by BRAD ROLLINS
The Hays County Democratic Party had nothing to do with a widely circulated e-mail purporting to be from the party that criticized county judge candidate Jeff Barton for declining a pay raise and then accepting it, party chair Katie Bell Moore said this week.
Moore accused Republican nominee Bert Cobb’s supporters of being behind the letter, the gist of which is that Barton has lied on the campaign trail about declining to accept a pay raise as a county commissioner in 2008. The e-mail is headlined “Important Announcement from Hays County Democrats” and signs off with a statement crafted to look like a small-print disclaimer, “Political announcement by Hays County Democrats.”
“That e-mail is a fraud, filled with lies, and sending it out was a crime. It did not come from the Hays County Democratic Party and we are outraged at this cheap, dirty political trick. The party is committed to using all its legal options to make sure the perpetrators are held responsible,” Moore said.
Moore’s statement goes on to ask Cobb to “disavow this kind of classless campaign conduct and keep this election season focused on the issues that matter to the people of Hays County.”
Cobb denied involvement in sending the e-mail and suggested Barton shouldn’t blame him for discord in his own party. Cobb said, “Neither I nor my campaign had anything to do with the recent email by unnamed Hays County Democrats that called attention to Jeff Barton’s selfish pay raises. Any accusation by Mr. Barton and his party leaders to the contrary is categorically false.”
The pay raise criticism, coincidentally or not, dovetails with Cobb’s criticism of Barton on fiscal issues, particularly his own pay.
In 2008, Barton and fellow commissioners Will Conley and Debbie Gonzales Ingalsbe initially declined to accept an increase in their salary from $56,757 to $65,048. But a few months later – after a blindly selected committee of citizens unanimously said that commissioners should make even more – the three accepted the pay raise.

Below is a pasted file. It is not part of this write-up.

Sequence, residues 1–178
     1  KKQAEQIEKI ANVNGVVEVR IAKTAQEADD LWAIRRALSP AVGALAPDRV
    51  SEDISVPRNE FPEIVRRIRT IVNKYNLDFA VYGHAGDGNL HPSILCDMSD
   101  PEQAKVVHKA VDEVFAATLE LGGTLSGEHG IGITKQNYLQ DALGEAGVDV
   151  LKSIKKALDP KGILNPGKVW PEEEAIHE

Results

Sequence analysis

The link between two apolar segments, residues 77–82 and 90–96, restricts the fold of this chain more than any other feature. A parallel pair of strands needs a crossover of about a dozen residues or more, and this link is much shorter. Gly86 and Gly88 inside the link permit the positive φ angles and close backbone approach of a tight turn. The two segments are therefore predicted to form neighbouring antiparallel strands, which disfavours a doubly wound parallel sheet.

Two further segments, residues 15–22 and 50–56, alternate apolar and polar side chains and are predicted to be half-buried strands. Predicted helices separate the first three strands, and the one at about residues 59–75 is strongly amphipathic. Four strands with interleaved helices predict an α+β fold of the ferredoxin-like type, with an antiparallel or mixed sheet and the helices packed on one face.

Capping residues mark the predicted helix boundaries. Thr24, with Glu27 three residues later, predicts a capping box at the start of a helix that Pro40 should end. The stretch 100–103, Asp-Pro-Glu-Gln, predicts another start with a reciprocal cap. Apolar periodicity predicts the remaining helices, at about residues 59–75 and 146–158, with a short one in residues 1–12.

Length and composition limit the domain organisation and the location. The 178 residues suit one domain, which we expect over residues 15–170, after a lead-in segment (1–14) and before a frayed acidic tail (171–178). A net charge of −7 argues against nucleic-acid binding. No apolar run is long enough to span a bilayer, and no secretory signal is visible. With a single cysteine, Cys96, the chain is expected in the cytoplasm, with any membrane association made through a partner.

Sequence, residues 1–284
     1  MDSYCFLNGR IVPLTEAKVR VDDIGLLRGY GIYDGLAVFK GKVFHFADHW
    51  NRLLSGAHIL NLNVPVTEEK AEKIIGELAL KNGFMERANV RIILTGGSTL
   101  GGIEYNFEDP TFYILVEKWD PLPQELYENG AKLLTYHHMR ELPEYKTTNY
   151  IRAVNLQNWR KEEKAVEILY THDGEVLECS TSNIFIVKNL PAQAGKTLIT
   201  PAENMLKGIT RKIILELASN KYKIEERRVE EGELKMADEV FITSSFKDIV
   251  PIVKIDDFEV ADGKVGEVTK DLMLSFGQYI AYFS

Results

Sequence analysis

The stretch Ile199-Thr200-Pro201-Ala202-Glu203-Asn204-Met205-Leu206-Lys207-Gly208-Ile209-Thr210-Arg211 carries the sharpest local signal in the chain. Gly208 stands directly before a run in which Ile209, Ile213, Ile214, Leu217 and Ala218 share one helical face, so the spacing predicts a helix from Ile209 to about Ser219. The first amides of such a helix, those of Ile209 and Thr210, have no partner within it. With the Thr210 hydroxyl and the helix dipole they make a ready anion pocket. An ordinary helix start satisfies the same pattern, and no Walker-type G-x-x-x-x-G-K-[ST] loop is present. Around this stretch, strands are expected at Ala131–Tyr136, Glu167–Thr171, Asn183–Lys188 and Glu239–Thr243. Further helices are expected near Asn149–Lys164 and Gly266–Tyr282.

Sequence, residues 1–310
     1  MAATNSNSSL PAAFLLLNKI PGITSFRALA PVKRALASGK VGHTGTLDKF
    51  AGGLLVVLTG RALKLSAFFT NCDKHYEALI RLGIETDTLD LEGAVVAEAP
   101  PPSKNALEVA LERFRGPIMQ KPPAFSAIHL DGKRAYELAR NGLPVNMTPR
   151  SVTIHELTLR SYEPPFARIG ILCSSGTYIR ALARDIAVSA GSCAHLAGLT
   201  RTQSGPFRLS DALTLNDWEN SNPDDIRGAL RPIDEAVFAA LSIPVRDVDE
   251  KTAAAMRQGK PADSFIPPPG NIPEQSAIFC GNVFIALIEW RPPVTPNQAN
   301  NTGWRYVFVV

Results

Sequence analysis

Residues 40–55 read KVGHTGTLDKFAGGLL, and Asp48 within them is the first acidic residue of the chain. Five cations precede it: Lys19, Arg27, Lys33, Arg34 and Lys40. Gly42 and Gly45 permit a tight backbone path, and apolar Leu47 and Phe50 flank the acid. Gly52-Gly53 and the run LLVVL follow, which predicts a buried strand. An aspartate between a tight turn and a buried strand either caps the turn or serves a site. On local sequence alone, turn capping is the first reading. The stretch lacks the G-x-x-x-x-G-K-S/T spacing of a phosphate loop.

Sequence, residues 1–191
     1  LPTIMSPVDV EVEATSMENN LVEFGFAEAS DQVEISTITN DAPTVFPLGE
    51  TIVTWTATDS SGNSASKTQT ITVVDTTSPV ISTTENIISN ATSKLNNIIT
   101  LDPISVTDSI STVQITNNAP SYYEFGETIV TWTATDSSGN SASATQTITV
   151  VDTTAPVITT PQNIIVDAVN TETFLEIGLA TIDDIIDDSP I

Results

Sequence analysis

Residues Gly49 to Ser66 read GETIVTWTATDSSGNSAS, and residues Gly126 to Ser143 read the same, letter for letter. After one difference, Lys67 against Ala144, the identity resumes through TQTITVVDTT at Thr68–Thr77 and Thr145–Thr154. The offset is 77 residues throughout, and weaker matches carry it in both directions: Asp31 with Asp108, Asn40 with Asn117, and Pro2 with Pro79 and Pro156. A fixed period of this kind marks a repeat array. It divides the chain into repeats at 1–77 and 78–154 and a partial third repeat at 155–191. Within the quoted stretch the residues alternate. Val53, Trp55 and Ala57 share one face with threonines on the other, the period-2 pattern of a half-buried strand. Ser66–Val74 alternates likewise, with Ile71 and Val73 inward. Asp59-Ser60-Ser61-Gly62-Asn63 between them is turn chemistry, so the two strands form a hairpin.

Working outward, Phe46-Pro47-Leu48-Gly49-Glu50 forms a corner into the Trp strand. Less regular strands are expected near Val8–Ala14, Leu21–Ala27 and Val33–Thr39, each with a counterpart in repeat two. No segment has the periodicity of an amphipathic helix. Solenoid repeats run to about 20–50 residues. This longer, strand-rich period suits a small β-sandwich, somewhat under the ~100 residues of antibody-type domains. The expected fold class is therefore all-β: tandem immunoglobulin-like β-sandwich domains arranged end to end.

The citizen committee, working with consultant Ray Associates, found that Hays County elected officials make on average 20.6 percent less than people doing the same job in 11 comparable counties.
Commissioners in particular are underpaid compared to their counterparts, making 25.9 percent less than commissioners in the benchmark counties, which include Comal, Bastrop, Williamson, Ellis, McLennan, Guadalupe, Denton, Brazoria, Fort Bend, Travis and Montgomery counties, the study stated.
The committee ultimately recommended commissioners earn $87,869.
Moore said she has consulted with attorneys about the use of the party name in distributing the e-mail but that it’s too early to say if civil or criminal action could reasonably be brought against the e-mail’s author.
“What’s important to me is to get the information out there that this is not coming from the party. It’s definitely trying to confuse people and I just want to make sure everybody who received it – and it sounds like a lot of people – know that its false,” Moore said.
San Marcos Mercury Editor and Publisher Brad Rollins is also editor of the Hays Free Press where this story was originally published. It is reprinted here through a news partnership between the Free Press and the Mercury.Email | Print